In a recent post I tried to clarify a comment I had made in which I described a particular idea a “wildly popular folk belief” in Mormonism. I think that I need to flesh that clarification out a bit. [Read more…]

A “wildly popular folk belief”

The most recent edition of the Journal of Mormon History contains an article by Brian Hales entitled “’A Continuation of the Seeds’: Joseph Smith and Spirit Birth,” in which he argues that Joseph Smith taught that God and his wife created spirits through a viviparous process. Hales has done a lot of good work in bringing new sources to discussions like polygamy, but I think that this article is fundamentally flawed. I think the best thing to do is wait for W. V. Smith’s magnum opus on JS’s funeral sermons as the standard to which this article should be compared. I will say, however, that I view one of the most important flaws to be Hales’ jettisoning statements of JS’s that were consistently taught over years, and that were foundational and completely integral to his theological message when delivered (see WVS), labeling them instead as prevarications calculated to minimize controversy. Odd.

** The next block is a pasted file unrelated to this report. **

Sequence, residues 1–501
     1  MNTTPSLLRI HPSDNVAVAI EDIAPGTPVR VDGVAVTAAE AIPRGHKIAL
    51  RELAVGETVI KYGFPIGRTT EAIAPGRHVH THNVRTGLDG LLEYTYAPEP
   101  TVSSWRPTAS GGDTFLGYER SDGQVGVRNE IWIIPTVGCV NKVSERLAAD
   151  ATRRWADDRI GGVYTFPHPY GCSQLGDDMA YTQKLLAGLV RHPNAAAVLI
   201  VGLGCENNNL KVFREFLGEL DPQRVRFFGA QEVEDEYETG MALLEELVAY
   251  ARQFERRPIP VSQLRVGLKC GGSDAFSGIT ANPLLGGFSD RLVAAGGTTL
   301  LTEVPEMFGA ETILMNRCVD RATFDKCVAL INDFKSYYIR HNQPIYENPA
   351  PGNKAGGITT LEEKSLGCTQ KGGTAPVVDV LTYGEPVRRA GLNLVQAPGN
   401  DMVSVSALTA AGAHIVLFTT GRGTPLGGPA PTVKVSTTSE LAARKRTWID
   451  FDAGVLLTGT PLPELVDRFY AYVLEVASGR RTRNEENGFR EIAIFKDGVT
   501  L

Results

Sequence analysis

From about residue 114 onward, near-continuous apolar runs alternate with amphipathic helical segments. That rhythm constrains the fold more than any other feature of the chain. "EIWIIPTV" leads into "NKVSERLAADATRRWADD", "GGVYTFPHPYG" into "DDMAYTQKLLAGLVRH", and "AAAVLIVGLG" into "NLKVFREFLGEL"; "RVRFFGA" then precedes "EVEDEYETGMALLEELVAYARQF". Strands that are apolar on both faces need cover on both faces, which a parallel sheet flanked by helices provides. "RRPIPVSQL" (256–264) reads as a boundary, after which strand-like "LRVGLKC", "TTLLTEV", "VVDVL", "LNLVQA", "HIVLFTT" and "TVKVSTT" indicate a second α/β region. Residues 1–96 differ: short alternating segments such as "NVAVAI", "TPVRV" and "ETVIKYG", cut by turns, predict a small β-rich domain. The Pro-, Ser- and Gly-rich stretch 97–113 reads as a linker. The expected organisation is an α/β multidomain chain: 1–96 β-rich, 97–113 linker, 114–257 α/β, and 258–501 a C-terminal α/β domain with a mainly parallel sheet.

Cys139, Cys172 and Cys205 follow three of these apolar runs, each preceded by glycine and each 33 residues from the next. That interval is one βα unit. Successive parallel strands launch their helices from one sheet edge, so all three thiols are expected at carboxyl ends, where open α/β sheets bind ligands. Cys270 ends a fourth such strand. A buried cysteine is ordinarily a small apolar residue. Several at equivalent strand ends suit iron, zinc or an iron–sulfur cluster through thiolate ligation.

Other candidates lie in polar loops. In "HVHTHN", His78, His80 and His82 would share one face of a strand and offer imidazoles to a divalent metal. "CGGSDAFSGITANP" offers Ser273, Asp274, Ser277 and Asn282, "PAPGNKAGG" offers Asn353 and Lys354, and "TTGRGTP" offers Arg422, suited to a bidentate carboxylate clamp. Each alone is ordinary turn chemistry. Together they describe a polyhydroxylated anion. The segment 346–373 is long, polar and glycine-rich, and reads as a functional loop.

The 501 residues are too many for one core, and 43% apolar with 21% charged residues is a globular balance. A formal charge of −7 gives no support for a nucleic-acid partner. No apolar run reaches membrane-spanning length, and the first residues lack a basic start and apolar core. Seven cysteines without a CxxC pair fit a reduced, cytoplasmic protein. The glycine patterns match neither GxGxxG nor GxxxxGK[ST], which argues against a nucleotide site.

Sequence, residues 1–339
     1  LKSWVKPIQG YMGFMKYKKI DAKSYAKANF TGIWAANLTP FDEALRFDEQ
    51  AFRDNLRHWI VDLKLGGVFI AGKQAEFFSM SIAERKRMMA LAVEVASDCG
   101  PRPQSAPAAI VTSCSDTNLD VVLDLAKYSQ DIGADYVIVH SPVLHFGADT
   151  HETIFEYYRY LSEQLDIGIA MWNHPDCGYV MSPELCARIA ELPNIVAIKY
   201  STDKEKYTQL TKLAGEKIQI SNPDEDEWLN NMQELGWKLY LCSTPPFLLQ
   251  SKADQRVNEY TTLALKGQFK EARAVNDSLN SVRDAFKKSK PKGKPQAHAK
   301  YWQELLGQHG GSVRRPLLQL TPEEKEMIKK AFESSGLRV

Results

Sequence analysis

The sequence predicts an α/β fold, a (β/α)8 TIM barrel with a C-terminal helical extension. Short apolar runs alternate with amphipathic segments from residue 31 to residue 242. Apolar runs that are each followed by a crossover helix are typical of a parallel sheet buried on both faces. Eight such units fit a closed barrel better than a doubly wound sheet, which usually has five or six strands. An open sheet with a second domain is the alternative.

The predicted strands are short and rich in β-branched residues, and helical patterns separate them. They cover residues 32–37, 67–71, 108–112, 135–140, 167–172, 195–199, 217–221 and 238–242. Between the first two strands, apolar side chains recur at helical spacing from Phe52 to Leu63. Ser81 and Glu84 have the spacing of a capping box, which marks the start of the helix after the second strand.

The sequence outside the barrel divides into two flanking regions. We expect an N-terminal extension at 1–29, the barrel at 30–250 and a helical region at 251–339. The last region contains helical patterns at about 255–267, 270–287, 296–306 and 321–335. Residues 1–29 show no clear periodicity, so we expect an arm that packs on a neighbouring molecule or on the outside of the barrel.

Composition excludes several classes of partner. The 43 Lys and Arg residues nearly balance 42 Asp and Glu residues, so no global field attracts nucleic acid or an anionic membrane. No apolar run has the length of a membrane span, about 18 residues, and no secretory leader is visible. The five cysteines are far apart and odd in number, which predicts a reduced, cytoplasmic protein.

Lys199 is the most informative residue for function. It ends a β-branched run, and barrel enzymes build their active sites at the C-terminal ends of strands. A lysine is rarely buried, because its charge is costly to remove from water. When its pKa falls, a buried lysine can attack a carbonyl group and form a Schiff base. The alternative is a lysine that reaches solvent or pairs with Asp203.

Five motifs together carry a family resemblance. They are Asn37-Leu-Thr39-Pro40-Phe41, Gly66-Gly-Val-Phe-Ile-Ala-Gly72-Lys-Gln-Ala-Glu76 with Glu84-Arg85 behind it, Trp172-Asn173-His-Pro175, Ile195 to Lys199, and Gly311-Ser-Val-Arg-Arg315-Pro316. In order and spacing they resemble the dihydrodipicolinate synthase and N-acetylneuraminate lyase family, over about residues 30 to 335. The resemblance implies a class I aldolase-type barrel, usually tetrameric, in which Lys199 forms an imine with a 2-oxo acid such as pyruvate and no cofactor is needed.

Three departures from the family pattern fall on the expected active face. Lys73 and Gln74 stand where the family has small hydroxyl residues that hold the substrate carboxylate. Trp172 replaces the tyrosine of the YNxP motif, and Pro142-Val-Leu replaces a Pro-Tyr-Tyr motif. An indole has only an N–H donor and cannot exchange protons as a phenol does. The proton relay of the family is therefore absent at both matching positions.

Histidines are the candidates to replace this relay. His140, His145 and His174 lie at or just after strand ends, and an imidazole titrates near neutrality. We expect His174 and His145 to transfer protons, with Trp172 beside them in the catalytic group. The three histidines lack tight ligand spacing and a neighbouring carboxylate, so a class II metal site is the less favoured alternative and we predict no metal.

Here, I would like to discuss a small section of the article which quotes (by permission) some correspondence between Hales and I. [Read more…]